# Definition:Order of Group Element

## Definition

Let $G$ be a group whose identity is $e_G$.

Let $x \in G$ be an element of $G$.

### Definition 1

The **order of $x$ (in $G$)**, denoted $\order x$, is the smallest $k \in \Z_{> 0}$ such that $x^k = e_G$.

### Definition 2

The **order of $x$ (in $G$)**, denoted $\order x$, is the order of the group generated by $x$:

- $\order x := \order {\gen x}$

### Definition 3

The **order of $x$ (in $G$)**, denoted $\left\vert{x}\right\vert$, is the largest $k \in \Z_{\gt 0}$ such that:

- $\forall i, j \in \Z: 0 \le i < j < k \implies x^i \ne x^j$

## Infinite Order

$x$ **is of infinite order**, or **has infinite order** if and only if there exists no $k \in \Z_{> 0}$ such that $x^k = e_G$:

- $\order x = \infty$

## Finite Order

$x$ **is of finite order**, or **has finite order** if and only if there exists $k \in \Z_{> 0}$ such that $x^k = e_G$.

## Examples

### Order of $2$ in $\struct {\R_{\ne 0}, \times}$

Consider the multiplicative group of real numbers $\struct {\R_{\ne 0}, \times}$.

The order of $2$ in $\struct {\R_{\ne 0}, \times}$ is infinite.

### Order of $i$ in $\struct {\C_{\ne 0}, \times}$

Consider the multiplicative group of complex numbers $\struct {\C_{\ne 0}, \times}$.

The order of $i$ in $\struct {\C_{\ne 0}, \times}$ is $4$.

### Order of $\begin{bmatrix} 1 & 1 \cr 0 & 1 \end{bmatrix}$ in General Linear Group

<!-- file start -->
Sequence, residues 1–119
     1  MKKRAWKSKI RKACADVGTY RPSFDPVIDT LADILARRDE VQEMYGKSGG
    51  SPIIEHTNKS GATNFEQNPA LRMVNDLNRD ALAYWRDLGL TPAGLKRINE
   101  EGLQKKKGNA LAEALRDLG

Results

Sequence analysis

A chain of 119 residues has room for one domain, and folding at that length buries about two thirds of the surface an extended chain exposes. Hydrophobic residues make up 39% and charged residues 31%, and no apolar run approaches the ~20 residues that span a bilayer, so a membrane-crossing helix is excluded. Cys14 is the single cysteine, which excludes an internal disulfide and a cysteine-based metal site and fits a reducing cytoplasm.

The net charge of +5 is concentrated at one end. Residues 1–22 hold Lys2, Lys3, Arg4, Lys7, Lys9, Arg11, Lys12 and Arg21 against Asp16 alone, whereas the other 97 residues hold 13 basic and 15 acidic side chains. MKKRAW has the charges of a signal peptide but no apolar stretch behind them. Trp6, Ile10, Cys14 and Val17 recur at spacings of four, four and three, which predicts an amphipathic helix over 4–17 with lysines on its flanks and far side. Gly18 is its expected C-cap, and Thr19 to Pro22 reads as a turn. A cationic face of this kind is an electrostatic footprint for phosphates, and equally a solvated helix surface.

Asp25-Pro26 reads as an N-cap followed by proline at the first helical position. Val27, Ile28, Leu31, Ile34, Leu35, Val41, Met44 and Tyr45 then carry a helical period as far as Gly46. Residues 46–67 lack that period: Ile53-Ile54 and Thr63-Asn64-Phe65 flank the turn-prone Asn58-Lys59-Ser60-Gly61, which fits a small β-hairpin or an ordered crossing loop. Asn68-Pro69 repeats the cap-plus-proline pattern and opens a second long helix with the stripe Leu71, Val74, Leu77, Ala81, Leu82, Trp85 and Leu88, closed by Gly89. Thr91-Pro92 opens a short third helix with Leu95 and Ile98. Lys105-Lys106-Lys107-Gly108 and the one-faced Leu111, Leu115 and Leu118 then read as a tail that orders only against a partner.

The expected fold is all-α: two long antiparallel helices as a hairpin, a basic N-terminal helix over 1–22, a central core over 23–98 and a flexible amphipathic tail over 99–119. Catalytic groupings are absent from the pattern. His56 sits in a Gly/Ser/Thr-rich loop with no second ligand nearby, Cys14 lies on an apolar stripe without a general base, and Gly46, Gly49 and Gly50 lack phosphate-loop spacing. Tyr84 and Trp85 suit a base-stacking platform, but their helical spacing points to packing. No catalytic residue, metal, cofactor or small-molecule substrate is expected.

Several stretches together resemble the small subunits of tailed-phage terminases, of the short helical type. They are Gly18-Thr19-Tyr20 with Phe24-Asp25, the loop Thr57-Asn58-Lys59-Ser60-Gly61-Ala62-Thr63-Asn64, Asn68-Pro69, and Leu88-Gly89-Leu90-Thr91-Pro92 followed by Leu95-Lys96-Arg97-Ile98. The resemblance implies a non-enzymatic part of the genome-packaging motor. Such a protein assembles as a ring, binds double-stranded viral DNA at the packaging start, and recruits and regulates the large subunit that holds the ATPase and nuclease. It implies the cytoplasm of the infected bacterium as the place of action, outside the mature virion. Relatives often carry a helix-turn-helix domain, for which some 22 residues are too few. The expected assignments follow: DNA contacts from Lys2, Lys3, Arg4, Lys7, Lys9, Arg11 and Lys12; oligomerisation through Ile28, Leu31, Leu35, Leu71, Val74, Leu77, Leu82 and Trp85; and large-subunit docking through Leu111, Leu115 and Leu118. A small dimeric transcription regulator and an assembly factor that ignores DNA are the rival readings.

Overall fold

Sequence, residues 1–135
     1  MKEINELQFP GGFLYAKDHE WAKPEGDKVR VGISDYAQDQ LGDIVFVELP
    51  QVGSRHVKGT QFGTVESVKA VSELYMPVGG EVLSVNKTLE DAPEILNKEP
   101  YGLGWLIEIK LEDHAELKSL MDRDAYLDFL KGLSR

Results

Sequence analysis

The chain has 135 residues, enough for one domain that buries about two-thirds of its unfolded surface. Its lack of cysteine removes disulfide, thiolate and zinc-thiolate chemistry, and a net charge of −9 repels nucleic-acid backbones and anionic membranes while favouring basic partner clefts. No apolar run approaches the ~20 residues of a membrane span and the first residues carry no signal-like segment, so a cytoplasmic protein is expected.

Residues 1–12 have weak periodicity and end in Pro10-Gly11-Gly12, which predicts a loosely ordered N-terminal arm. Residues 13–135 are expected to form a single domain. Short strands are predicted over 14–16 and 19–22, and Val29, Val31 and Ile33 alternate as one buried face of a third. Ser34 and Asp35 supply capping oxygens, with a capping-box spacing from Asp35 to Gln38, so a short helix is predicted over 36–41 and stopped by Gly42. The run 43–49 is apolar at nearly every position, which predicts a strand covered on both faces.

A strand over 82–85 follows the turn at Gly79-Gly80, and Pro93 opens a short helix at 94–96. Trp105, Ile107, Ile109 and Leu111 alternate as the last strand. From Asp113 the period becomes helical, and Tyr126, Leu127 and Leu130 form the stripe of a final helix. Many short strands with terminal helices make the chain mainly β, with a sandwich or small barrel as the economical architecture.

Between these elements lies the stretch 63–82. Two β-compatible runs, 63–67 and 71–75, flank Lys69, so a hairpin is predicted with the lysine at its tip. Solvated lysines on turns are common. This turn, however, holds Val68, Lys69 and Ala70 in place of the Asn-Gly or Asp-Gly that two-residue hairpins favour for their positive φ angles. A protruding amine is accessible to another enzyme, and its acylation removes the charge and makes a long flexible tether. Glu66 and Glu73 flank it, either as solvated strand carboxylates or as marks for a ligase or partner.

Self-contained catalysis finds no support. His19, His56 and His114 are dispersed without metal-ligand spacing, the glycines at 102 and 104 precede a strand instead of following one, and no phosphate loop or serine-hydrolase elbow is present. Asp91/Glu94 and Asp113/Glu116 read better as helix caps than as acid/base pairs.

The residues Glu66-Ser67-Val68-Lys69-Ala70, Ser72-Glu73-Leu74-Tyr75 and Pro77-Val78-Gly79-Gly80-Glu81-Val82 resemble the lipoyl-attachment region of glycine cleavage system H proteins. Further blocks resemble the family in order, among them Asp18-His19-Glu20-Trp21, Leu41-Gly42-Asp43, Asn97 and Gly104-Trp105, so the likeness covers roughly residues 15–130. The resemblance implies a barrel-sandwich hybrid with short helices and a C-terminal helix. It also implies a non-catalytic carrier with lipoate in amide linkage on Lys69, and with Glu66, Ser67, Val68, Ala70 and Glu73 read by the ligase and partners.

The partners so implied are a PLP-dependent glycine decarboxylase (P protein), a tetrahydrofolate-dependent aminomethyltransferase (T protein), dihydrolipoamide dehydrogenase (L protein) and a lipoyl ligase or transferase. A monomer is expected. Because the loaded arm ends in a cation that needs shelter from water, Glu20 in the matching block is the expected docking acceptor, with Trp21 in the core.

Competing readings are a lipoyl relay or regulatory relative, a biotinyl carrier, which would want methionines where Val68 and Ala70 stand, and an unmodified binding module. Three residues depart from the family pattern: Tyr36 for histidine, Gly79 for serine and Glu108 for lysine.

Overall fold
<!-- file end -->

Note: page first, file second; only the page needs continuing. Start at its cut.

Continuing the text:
Consider the general linear group $\GL 2$.

Let $\mathbf A := \begin{bmatrix} 1 & 1 \cr 0 & 1 \end{bmatrix} \in \GL 2$

The order of $\mathbf A$ in $\GL 2$ is infinite.

### Rotation Through the $n$th Part of a Full Angle

Let $G$ denote the group of isometries in the plane under composition of mappings.

Let $r$ be the rotation of the plane about a given point $O$ through an angle $\dfrac {2 \pi} n$, for some $n \in \Z_{> 0}$.

Then $r$ is the generator of a subgroup $\gen r$ of $G$ which is of order $n$.

### Possible Orders of $x$ when $x^2 = x^{12}$

Let $G$ be a group.

Let $x \in G \setminus \set e$ be such that $x^2 = x^{12}$.

Then the possible orders of $x$ are $2$, $5$ and $10$.

## Also known as

Some sources refer to the **order** of an element of a group as its **period**.

## Also denoted as

The **order** of an element $x$ in a group is sometimes seen as $\map o x$.

Some sources render it as $\map {\operatorname {Ord} } x$.

## Also see

- Results about
**order of group elements**can be found**here**.

## Sources

- 1989: Ephraim J. Borowski and Jonathan M. Borwein:
*Dictionary of Mathematics*... (previous) ... (next):**period**:**2.**